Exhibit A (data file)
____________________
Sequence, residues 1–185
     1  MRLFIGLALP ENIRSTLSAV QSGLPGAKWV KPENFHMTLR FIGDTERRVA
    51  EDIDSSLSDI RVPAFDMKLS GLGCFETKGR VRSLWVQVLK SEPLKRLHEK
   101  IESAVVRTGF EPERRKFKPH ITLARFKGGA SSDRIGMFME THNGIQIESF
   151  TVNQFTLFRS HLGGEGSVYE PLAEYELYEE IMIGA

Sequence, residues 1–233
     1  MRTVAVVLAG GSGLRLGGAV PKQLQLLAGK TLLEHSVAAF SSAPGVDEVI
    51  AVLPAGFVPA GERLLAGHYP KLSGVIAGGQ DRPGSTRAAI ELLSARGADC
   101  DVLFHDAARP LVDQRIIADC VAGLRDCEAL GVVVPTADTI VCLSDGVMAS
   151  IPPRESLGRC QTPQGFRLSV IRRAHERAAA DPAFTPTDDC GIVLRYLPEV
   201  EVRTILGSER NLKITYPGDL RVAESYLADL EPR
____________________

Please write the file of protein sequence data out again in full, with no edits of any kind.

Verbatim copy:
Sequence, residues 1–185
     1  MRLFIGLALP ENIRSTLSAV QSGLPGAKWV KPENFHMTLR FIGDTERRVA
    51  EDIDSSLSDI RVPAFDMKLS GLGCFETKGR VRSLWVQVLK SEPLKRLHEK
   101  IESAVVRTGF EPERRKFKPH ITLARFKGGA SSDRIGMFME THNGIQIESF
   151  TVNQFTLFRS HLGGEGSVYE PLAEYELYEE IMIGA

Sequence, residues 1–233
     1  MRTVAVVLAG GSGLRLGGAV PKQLQLLAGK TLLEHSVAAF SSAPGVDEVI
    51  AVLPAGFVPA GERLLAGHYP KLSGVIAGGQ DRPGSTRAAI ELLSARGADC
   101  DVLFHDAARP LVDQRIIADC VAGLRDCEAL GVVVPTADTI VCLSDGVMAS
   151  IPPRESLGRC QTPQGFRLSV IRRAHERAAA DPAFTPTDDC GIVLRYLPEV
   201  EVRTILGSER NLKITYPGDL RVAESYLADL EPR